written English or other natural language, dot in things like URLs or
other classification systems, and point in numbers.

--

*Brian**-*Windows 10 Home, 64-Bit, Version 1803, Build 17134

/Explanations exist; they have existed for all time; there is always a
well-known solution to every human problem — neat, plausible, and wrong./

~ H.L. Mencken, AKA /The Sage of Baltimore/




Mohamed
 

That's probably a synthesizer issue, as far as I know NVDA doesn't attempt to distinguish between the various types of dots other than the sentence ending and the symbol.

On 7/3/2018 6:45 AM, Brian's Mail list account via Groups.Io wrote:
But that does not explain point in web addresses but dot in email addresses.
Brian

bglists@blueyonder.co.uk
Sent via blueyonder.
Please address personal E-mail to:-
briang1@blueyonder.co.uk, putting 'Brian Gaff'
in the display name field.
----- Original Message ----- From: "Mohamed" <malhajamy@gmail.com>
To: <nvda@nvda.groups.io>
Sent: Tuesday, July 03, 2018 9:55 AM
Subject: Re: [nvda] more on symbol pronounciation


Level indicates at what symbol level the character is spoken, and
preserve controls whether the symbol is actually sent to the synthesizer
or not, so for the bang/exclamation point, its replacement is spoken at
symbol level all and is always sent to the synthesizer so it can decide
to handle the punctuation mark in the way it chooses. The sentence
ending version of the period is used at the end of sentences, and the
other period entry is used for everything else.


On 7/2/2018 4:35 PM, Brian Vogel wrote:
It's also not entirely clear to me what the "level" and "preserve"
settings mean and how they interact with each other and how order in
the list might influence things as well.

Since the sentence ending period (dot) and exclamation point (bang)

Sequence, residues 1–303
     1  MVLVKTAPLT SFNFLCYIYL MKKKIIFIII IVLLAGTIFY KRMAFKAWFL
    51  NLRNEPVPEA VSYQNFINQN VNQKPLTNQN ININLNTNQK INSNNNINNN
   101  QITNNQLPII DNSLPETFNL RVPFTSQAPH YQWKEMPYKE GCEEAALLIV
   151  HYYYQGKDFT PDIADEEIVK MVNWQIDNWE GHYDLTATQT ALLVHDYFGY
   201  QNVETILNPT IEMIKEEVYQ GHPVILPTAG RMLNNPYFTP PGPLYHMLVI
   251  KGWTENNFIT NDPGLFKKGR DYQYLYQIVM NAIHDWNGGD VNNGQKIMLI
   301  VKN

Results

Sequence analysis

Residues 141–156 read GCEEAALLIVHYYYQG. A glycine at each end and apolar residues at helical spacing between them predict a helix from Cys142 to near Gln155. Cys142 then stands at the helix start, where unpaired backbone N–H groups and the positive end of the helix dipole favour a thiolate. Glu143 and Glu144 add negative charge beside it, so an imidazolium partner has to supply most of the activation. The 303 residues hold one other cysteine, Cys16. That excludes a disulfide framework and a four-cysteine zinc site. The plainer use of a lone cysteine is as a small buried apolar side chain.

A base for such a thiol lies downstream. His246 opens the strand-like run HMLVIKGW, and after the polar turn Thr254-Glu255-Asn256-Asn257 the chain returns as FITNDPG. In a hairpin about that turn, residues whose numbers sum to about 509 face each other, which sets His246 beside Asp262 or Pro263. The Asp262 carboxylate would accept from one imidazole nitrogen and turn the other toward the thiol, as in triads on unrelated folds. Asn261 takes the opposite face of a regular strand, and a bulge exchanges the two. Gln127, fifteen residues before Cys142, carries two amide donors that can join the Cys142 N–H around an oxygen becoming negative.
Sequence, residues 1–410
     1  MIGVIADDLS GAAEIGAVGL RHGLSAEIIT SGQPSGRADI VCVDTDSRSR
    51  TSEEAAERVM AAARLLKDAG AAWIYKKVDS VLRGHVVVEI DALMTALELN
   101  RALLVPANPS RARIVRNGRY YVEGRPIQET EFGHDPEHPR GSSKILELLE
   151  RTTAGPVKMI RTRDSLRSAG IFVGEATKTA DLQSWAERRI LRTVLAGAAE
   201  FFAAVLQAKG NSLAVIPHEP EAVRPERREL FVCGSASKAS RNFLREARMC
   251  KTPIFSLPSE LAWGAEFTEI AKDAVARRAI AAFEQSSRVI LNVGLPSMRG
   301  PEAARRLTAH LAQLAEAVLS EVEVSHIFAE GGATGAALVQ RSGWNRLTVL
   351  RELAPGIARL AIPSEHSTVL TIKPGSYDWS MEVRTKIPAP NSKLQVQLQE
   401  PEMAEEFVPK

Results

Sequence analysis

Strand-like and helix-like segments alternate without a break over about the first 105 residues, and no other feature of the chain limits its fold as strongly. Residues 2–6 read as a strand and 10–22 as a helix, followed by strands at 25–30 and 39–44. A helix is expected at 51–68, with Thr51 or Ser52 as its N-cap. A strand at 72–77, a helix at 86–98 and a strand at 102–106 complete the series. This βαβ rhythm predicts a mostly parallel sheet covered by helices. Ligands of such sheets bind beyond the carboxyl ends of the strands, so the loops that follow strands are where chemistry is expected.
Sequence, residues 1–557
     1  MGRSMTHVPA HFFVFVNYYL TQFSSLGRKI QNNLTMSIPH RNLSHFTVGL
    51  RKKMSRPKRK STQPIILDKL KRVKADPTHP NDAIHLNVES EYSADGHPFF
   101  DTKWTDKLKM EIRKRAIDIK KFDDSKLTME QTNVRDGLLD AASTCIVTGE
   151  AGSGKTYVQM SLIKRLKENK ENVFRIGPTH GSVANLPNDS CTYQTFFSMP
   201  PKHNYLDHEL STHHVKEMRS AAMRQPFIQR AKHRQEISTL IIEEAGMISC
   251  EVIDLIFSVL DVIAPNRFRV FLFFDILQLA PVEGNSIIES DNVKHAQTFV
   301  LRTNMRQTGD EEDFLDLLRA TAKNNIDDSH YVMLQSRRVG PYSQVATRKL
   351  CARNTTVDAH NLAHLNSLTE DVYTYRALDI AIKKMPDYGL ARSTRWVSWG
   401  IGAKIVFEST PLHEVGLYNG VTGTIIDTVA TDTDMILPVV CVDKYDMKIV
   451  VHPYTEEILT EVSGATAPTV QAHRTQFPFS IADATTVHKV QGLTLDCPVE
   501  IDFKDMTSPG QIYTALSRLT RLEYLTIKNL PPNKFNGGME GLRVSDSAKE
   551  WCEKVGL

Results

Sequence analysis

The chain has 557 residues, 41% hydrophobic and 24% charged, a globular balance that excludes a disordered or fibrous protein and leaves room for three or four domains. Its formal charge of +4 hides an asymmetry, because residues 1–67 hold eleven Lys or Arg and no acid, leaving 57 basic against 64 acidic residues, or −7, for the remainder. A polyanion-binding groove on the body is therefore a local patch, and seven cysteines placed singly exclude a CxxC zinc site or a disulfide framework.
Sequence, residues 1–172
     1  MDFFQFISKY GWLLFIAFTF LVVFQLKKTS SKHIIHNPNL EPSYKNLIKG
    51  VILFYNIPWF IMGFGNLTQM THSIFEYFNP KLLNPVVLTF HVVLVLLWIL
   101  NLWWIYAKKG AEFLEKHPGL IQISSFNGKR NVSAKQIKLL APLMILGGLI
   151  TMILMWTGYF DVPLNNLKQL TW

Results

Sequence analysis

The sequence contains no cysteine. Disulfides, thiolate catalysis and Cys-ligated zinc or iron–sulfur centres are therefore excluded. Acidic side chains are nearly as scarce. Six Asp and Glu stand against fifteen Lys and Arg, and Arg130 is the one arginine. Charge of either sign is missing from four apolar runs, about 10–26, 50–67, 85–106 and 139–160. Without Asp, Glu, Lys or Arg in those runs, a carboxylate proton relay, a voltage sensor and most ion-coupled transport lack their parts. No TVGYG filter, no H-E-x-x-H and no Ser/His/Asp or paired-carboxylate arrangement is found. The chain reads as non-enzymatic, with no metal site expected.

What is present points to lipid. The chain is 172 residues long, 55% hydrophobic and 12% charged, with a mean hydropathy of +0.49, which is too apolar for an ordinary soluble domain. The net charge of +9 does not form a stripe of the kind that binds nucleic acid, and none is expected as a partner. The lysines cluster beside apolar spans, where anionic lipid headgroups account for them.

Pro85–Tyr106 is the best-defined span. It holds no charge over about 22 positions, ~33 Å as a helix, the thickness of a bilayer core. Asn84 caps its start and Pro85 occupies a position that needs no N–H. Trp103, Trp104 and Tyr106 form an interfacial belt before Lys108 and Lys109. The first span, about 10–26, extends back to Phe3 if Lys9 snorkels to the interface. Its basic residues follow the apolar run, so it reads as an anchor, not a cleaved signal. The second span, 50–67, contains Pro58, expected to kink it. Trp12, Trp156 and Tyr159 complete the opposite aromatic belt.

are noted as level all and preserve always, while further down we have
the period character with dot (the pronunciation) with level some and
preserve never and the exclamation point character with bang with
level all and preserve never it's really unclear to me what one would
have to do to get context specific pronunciation.

When you throw in decimal point, which shows no actual character, just
the name decimal point, things become more unclear.

I generally use "bang" for the exclamation point only in the context
of programming or when writing out a keystroke sequence that requires
its use, but "exclamation point" when talking about it as a
punctuation mark.

When it comes to the period character it's period as punctuation in
written English or other natural language, dot in things like URLs or
other classification systems, and point in numbers.

--

*Brian**-*Windows 10 Home, 64-Bit, Version 1803, Build 17134

/Explanations exist; they have existed for all time; there is always a
well-known solution to every human problem — neat, plausible, and wrong./

~ H.L. Mencken, AKA /The Sage of Baltimore/






 

On Tue, Jul 3, 2018 at 01:18 am, Brian's Mail list account wrote:
Maybe we need a simple to understand explanation, as much of this has grown over time and additional parameters have been added as needed to control stuff, but precious little detail seems to be around.
You really have no idea just how frequent and common this is as very few software projects put nearly the emphasis on documentation, both for their programming team and end users, that they should.

This issue is complicated by the fact that there exists a very strongly embedded culture among a very large swath of programmers that, "the code is self documenting," so comments are not used and that it's "a waste of my time" to work with technical writers to create the manuals for either future programmers or end users.  It's had a pernicious effect since day one.

Features, and their attendant data changes, get added of necessity or desire, but documentation surrounding same often never gets updated or created.  I've encountered this recently with regard to the Read-Only attribute on folders under Windows, which employs a 3-state checkbox [which should have been implemented as a radio button group, if you ask me], that is virtually undocumented.  I didn't think there was anything under the sun about Windows that I hadn't encountered at some point during my long career, but that was a new one on me.
 
--

Brian - Windows 10 Home, 64-Bit, Version 1803, Build 17134  

     Explanations exist; they have existed for all time; there is always a well-known solution to every human problem — neat, plausible, and wrong.

          ~ H.L. Mencken, AKA The Sage of Baltimore